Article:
Degree

Degree may refer to:

Read more about Degree:  As A Unit of Measurement, In Mathematics, In Education, Other Measures, Other Uses

Other articles related to "degree, degrees":

Vladimir May-Mayevsky - Honors
... Stanislaus 3rd degree, 1900 Order of St ... Anne 3rd degree 1904 Order of St ... Stanislaus 2nd degree, 1906 Order of St ...
Yamashita Yoshiaki - Early Years
... He advanced to first degree black belt (shodan) rank in three months, fourth degree (yondan) ranking in two years, and sixth degree (rokudan) in fourteen years ...
Education In Sweden - Higher Education - Advanced Level (avancerad Nivå)
... student must have obtained a 3-year Swedish degree at the basic level or a corresponding degree from another country or some corresponding qualification ... The degrees that can be obtained at the advanced level are Degree of Master (One year) (magisterexamen), 1 year, 60 higher education credits Degree of Master (Two years) (masterexamen), 2 years, 120 higher ... The Degree of Master (Two years), masterexamen, is a new degree that is intended to be closely linked to continuing education at the graduate level ...
Aleksander Kwaśniewski - 1995–2005: Presidency - Degree
... In his candidate for presidency statement Kwaśniewski declared that he had graduated university studies ... Actually he had never written his master thesis, nor passed the university final exams and therefore had no master degree ...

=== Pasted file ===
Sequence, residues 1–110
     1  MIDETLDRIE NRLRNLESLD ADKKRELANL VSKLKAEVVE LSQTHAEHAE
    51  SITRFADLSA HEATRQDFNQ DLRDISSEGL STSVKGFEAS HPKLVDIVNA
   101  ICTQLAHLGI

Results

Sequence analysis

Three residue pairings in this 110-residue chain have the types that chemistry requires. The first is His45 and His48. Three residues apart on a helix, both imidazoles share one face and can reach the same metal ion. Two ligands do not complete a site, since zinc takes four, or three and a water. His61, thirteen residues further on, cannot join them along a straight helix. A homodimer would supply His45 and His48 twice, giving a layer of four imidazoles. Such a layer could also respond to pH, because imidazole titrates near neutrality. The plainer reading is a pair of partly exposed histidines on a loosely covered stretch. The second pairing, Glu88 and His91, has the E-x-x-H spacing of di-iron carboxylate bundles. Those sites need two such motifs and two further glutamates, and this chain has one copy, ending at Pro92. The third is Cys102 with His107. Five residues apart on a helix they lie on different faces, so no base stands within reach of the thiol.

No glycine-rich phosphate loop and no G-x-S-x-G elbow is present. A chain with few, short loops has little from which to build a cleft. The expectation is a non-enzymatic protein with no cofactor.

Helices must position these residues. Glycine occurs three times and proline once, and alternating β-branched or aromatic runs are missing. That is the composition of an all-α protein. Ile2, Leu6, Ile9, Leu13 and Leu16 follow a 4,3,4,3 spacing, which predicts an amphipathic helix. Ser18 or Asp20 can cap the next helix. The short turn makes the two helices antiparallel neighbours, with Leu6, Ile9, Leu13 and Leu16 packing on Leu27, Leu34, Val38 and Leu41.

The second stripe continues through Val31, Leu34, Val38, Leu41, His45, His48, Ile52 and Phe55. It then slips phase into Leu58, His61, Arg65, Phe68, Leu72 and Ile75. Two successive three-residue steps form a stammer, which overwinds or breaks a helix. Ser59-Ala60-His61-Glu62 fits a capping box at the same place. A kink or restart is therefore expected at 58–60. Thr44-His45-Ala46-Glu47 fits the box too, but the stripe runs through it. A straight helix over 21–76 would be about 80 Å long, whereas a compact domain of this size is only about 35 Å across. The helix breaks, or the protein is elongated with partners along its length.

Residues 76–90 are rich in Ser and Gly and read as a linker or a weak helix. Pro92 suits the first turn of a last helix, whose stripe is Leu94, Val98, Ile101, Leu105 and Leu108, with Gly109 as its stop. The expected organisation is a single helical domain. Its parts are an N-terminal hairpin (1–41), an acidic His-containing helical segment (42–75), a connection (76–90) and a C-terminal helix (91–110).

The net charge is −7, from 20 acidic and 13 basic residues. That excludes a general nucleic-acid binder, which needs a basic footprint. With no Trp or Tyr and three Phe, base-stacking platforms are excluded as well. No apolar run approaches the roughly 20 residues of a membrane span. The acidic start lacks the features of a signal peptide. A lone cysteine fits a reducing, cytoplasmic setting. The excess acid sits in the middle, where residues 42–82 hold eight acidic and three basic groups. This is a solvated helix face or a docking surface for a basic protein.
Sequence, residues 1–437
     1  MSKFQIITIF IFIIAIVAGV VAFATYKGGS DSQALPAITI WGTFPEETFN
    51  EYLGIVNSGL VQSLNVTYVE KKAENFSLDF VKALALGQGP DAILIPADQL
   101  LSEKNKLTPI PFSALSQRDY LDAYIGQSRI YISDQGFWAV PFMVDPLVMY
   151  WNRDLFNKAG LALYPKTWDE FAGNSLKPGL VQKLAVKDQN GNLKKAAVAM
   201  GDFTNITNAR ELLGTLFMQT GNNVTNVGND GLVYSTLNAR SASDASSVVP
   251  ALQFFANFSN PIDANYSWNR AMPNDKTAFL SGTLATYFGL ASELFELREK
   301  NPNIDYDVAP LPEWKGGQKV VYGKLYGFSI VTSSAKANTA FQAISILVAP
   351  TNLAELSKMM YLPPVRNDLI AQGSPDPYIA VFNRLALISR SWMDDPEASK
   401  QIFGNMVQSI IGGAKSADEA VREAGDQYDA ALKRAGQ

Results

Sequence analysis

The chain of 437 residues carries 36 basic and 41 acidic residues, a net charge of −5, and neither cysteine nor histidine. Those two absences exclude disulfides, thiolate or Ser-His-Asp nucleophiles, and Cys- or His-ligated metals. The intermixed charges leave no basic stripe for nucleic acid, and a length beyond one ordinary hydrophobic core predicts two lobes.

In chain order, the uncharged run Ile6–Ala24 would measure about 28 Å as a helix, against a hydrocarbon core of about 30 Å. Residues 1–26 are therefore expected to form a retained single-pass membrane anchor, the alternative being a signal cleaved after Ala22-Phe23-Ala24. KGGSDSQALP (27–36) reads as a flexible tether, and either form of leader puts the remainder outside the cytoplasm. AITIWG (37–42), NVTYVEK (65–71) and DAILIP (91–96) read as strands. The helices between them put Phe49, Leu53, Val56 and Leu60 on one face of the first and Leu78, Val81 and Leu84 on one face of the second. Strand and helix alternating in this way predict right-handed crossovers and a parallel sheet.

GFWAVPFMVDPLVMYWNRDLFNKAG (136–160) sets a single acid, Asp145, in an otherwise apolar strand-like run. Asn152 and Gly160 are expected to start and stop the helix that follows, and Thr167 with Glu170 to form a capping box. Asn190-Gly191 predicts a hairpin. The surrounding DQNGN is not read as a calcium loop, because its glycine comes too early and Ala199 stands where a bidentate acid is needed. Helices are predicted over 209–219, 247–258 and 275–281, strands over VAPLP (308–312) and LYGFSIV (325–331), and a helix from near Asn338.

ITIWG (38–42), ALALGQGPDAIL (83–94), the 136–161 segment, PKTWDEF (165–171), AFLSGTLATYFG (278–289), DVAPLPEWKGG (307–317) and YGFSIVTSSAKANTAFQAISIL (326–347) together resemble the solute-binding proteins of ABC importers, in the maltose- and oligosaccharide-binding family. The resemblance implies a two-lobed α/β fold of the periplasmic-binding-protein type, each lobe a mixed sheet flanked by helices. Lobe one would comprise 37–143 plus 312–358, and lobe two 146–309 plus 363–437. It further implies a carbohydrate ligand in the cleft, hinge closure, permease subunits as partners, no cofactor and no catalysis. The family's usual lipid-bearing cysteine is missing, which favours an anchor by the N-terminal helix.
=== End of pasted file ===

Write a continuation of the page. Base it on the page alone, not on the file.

Elliott Wave Principle - Degree
... self-similar wave structures of increasing size or higher degree ... This signals that the movement of the wave one degree higher is upward ... to the five and three-wave structure which it underlies one degree higher ...

Famous quotes containing the word degree:

    As to the bride, she is blithe as the month; if one can compare in any degree a weed of December, with the fragrance of May; for a weed in truth it is, and a weed not in its first prime.
    Frances Burney (1752–1840)

    Devout believers are safeguarded in a high degree against the risk of certain neurotic illnesses; their acceptance of the universal neurosis spares them the task of constructing a personal one.
    Sigmund Freud (1856–1939)

    I cannot see how a man of any large degree of humorous perception can ever be religious—except he purposely shut the eyes of his mind & keep them shut by force.
    Mark Twain [Samuel Langhorne Clemens] (1835–1910)